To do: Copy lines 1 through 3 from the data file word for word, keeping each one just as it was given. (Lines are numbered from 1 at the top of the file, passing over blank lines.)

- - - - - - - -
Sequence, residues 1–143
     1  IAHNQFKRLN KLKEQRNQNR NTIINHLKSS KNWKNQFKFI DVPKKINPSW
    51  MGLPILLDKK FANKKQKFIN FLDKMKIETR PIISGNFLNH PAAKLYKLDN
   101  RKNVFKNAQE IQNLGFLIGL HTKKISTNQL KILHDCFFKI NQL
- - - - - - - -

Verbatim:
Sequence, residues 1–143
     1  IAHNQFKRLN KLKEQRNQNR NTIINHLKSS KNWKNQFKFI DVPKKINPSW
    51  MGLPILLDKK FANKKQKFIN FLDKMKIETR PIISGNFLNH PAAKLYKLDN